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XI No.15 - Sunday December 30 - Saturday January 12, 2013


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Update by Saichon Paewsoongnern
 
 
 
EATING OUT & RECIPES BY NOI
 

Full House Korean BBQ Restaurant

By Christopher Sujarit
Expectations can ruin a good thing, especially in relationships. “Give people room to impress you Chris” is the favorite dollop of advice recently doled out to me.
When I stepped into Full House, the newest Korean restaurant in Chiang Mai, with my loyal eating partner Blaire, I carried with me the foodie expectations that came with growing up with a Korean mother, and having lived in Seoul for two years and two days. If I didn’t “know” Korean food by now, I might as well spend the rest of my eating Japanese kimuchi and calling it macaroni.
Full House is a new, well- appointed restaurant with a private banquet room sat between two levels of 10 large wooden tables with barbecue grilles embedded in their centers, and is pretty much Gangnam-y 4 star hotel style.
The menu is split up into four Set menus, Soups, Traditional Dishes, and Meats a la Carte. Blaire and I opted for the 5-Meat BBQ Set Menu for 399THB, which came with samgyeopsal (3- layers pork), spicy- marinated samgyeopsal, moksal (pork neck), and two kinds of beef. The Set Menus come with bibimbap (vegetables on top of rice with red pepper paste), kimchi jiggae (stew), and three different kinds of banchan (side dishes): sardines (myaelchi), cabbage kimchi, and potato salad; all of them were great. Korean restaurants usually rotate banchan offerings seasonally.
The bibimbap was my favorite part of the meal and had a very roasty, nutty taste and aroma, and had a magic mix of sesame oil and spices not usually found in paradigmatic presentations. Second, the kimchi jiggae was surprisingly on point, with ingots of firm fresh tofu floating around with chunks of pork. Blaire, who hails from Upstate New York, had fun clumsily poking at the myaelchi sardines with her heavy metal chopsticks for a minute before she dared to try them for the first time. “They are like little fish with eyes and bodies,” she acutely observed and then ate half the dish.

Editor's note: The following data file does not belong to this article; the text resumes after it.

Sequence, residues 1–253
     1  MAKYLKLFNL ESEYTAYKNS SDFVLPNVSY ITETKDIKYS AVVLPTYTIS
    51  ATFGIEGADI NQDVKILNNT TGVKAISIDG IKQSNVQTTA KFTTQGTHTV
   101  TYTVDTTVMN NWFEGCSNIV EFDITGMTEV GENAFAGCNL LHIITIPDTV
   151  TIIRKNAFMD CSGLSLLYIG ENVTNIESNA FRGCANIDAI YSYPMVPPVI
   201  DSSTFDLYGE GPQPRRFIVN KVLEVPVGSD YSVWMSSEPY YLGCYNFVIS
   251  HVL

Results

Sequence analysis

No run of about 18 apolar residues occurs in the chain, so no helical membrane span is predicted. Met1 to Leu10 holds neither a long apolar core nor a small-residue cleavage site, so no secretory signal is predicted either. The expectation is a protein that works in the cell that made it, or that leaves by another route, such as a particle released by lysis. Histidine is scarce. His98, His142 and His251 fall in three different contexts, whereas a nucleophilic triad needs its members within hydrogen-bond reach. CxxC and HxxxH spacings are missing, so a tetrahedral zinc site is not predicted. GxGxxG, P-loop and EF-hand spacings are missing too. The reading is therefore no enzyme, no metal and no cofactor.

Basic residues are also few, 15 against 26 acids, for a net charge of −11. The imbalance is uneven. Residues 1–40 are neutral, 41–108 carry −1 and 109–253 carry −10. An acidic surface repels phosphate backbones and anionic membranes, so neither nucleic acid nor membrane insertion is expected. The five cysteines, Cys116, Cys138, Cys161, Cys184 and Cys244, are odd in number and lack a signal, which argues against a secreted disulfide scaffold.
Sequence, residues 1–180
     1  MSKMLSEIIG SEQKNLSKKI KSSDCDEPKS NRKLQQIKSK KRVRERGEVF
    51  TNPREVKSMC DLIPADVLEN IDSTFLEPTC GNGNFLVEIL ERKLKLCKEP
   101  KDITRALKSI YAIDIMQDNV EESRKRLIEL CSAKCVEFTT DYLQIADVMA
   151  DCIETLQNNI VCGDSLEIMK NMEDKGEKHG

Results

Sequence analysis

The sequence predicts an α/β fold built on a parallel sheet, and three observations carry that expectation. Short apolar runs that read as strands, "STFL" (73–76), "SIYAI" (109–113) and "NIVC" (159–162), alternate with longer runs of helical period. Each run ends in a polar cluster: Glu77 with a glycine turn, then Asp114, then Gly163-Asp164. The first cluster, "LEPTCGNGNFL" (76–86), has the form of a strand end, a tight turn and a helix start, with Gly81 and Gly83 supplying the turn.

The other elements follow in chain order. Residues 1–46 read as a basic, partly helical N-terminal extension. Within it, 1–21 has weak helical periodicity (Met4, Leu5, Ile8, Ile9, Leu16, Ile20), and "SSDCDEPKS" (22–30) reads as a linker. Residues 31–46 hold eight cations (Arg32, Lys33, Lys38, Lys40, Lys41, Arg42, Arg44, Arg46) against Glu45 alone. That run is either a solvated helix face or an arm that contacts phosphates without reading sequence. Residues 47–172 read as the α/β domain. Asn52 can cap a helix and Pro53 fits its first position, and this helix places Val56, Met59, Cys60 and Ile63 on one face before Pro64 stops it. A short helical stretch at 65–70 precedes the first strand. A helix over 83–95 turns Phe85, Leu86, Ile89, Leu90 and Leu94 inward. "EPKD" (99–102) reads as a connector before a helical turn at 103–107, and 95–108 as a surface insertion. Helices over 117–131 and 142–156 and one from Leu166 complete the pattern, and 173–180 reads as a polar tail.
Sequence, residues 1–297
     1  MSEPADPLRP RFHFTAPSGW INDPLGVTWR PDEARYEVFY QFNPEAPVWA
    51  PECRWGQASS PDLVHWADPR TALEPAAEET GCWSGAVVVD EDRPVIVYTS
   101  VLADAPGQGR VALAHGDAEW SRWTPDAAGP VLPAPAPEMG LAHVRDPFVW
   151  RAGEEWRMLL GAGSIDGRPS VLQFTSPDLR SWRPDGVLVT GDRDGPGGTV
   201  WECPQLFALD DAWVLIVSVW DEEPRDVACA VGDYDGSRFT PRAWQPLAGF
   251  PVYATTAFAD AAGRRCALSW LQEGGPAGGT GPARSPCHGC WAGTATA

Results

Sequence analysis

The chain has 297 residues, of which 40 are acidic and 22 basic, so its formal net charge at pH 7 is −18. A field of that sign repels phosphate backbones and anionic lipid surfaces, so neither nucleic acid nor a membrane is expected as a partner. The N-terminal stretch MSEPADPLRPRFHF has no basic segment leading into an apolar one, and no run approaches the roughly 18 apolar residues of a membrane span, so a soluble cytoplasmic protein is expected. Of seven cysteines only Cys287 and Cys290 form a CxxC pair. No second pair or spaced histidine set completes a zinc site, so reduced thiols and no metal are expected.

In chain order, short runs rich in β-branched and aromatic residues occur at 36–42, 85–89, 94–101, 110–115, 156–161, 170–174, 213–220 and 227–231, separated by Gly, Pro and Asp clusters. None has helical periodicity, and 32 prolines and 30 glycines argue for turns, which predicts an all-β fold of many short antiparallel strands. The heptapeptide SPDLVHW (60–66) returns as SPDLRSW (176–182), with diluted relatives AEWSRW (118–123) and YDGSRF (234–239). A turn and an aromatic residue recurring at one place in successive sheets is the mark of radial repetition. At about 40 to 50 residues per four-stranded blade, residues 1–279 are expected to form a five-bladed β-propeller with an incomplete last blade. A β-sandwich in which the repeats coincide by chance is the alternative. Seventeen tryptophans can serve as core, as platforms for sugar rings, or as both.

Samgyeopsal is basically thickly sliced bacon, and Full House marinates their pork somewhat sweetly, which threw me off a little but not enough for me to stop eating and enjoying it. The beef was good but was gone way too soon (portions could be larger). The 5- Meat Set feeds more than enough for two hungry eaters. All in all, the fact the food was great was the biggest surprise of the night.
Things didn’t start this way. When I walked into Full House, I was told the barbecue grilles in the middle of the tables are currently un-operational, thus all the cooking is done in the kitchen taking away from the essential cook-it-at-your-own-table Korean BBQ experience. The staff is euphemistically novice, and doesn’t speak a lick of Korean, not even the names of the dishes. The service was not helpful.
Full House began as unreviewable, a jagged little pill. After my first bite, I was pleasantly surprised. In the future, I’ll remember to not let expectations get in the way of enjoying potentially good food. Full House Korean BBQ is food you ought to know- know -know.
Full House Korean food is located down Nimmanhaemin Soi 13, past NYNY and just to the left at Soi “Godzilla.” Lunch 11am- 2:30pm, Dinner 5pm- 10pm.


 

RECIPES BY NOI: Nam Phrik Ta Daeng Makok

Nam Phrik Ta Daeng is another well-known chili paste beside Nam Phrik Noom. The main ingredient is spicy dry chili. This is why it makes our eyes red from crying! (Ta Daeng means red eyes)
Even though it sounds like a cruel chili paste it is actually very versatile because we can add grilled fish or frog meat, roasted galangal, grilled tomato or Makok (Hog Plum)
For us now, Makok is a good choice because it fruits only once a year, and now is the time, from November to January.
To make this paste first take roasted dry chili, garlic, shallots, dried fish or shrimp and salt. Pound together until well pulverized with the mortar and pestle. Add the tamarind, shrimp paste and cooked plara (fermented fish) to taste and mix well. Add Makok with the skin removed and pound that in too.
To make a dish out of this you can eat it with Cap Moo (deep fried crispy pork skin) and steamed mixed vegetables such as pumpkin, mustard greens, radish pods, whatever you wish!


 
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EATING OUT

RECIPES BY NOI

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